For formulators looking to move away from established preservatives, alternatives include certain organic acids and their salts, fatty acids, sucrose esters, some natural and essential oils and the use of hurdle technology to disrupt bacterial membranes
Many consumers are looking for products that contain alternatives to traditional preservatives. John Woodruff takes a look at some of the ingredients that can help formulators meet this demand
Microbiologists, toxicologists and chemists have created a list of preservatives of known efficacy and toxicity. They were listed in Annex VI of Cosmetics Directive 76/768/EEC, which will be replaced by Annex V of the new EU Cosmetics Products Regulation (EU Regulation 1223/2009) in July 2013. This later document defines preservatives as substances which are exclusively or mainly intended to inhibit the development of micro-organisms in the cosmetic product. Article 14 states that cosmetic products shall not contain preservatives other than those listed in Annex V.
Despite these clearly stated regulations a significant proportion of consumers have been persuaded that the acknowledged preservatives are unsuitable for their needs and seek alternative systems. Ingredients suppliers have been looking to supply this niche market and a variety of possible systems have been developed.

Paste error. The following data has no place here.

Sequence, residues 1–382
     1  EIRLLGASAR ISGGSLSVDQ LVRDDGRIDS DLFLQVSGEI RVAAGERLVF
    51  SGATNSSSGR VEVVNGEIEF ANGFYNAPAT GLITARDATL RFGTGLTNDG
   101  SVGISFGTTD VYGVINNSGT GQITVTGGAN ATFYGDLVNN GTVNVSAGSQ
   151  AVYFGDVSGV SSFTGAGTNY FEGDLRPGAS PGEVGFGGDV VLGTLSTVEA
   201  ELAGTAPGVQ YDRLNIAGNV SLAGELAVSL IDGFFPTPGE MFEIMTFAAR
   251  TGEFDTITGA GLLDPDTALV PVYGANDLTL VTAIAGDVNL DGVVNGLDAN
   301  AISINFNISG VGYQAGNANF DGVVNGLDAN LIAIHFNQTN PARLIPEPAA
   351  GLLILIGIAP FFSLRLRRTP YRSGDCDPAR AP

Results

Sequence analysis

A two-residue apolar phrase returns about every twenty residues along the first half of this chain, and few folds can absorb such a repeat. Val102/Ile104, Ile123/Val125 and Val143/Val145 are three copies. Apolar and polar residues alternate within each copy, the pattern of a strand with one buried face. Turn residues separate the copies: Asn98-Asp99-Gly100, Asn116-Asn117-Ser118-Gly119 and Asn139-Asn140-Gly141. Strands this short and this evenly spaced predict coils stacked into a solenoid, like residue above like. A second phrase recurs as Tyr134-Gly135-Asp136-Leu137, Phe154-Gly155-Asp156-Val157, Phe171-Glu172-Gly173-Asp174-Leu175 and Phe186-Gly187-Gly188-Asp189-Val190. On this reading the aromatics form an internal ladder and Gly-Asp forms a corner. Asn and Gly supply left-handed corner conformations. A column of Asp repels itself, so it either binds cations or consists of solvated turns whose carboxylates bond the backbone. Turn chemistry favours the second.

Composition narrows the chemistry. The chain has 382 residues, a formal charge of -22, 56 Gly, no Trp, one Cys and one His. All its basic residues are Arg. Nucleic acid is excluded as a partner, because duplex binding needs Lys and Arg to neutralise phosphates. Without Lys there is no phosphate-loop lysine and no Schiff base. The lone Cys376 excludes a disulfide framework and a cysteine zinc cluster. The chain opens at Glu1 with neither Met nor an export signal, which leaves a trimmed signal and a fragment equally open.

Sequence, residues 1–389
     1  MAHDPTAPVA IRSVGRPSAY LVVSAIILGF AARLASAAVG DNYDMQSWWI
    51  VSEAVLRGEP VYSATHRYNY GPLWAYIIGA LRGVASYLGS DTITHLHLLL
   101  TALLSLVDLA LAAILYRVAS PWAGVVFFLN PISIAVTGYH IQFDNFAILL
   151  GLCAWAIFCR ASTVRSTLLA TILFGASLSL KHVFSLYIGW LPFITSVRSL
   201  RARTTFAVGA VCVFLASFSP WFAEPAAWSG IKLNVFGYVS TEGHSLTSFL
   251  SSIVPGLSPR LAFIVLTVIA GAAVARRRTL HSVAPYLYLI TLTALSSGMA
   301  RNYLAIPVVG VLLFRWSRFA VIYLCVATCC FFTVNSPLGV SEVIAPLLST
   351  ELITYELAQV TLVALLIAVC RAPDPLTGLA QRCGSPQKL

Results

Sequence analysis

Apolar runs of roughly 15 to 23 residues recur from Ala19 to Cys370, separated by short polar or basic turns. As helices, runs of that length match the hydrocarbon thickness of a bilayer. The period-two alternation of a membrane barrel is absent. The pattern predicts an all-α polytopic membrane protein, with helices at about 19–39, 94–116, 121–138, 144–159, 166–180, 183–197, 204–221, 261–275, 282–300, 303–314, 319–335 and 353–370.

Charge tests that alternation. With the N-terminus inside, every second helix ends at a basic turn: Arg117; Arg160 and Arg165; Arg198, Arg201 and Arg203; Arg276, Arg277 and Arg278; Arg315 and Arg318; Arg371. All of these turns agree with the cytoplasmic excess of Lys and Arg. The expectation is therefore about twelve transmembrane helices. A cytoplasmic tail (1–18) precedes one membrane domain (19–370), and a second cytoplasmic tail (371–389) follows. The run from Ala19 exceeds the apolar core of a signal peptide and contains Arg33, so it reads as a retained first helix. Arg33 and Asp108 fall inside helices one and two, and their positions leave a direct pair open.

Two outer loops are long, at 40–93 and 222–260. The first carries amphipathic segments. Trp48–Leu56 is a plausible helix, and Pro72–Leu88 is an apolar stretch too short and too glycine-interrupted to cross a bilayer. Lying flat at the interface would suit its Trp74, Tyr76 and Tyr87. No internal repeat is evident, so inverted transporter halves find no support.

For all formulators interested in reducing reliance on established preservatives I can recommend Preservative-free and self-preserving cosmetics and drugs by John Kabara and Donald Orth, which was published in 1997. Kabara and Orth proposed the use of hurdle technology, which involves reducing water activity and availability, lowering pH, chelating metal ions and disrupting cell membranes with surface active ingredients. The book includes chapters on the effects of pH, water activity, surfactants, fatty acids and esters, biomimetic phospholipids, antioxidants, fragrance components and chelating agents on micro-organisms.
As an introduction to hurdle technology, Inolex has produced Alternative preservation – a safe and sensible solution for cosmetic formulation which describes the many ways that cosmetic products may be preserved while avoiding those in Annex V and also briefly describes the mechanism that makes alternative systems work.
For information about the constituents of essential oils and plant extracts and their antimicrobial properties formulators can refer to dweckdata.com. Tony Dweck is the acknowledged expert on all things natural and his website includes copies of his many lectures and papers on the subject plus details of his remarkable books on cosmetic ingredients.
Surprisingly, although the general trend has been towards a reduction in the use of established preservatives in cosmetics, a look at the INCI listing of well known brands reveals the presence of preservatives in anhydrous products, as well as in products with a high proportion of ethanol, in antiperspirants with 25% aluminium chlorhydrate and in products at extremes of pH. Other products reveal an excessive number of preservatives where the formulator has lacked attention to detail and additional preservatives have found their way into the formula via preserved additives. The first step in avoiding Annex V preservatives is to determine whether preservatives are actually necessary.. . .
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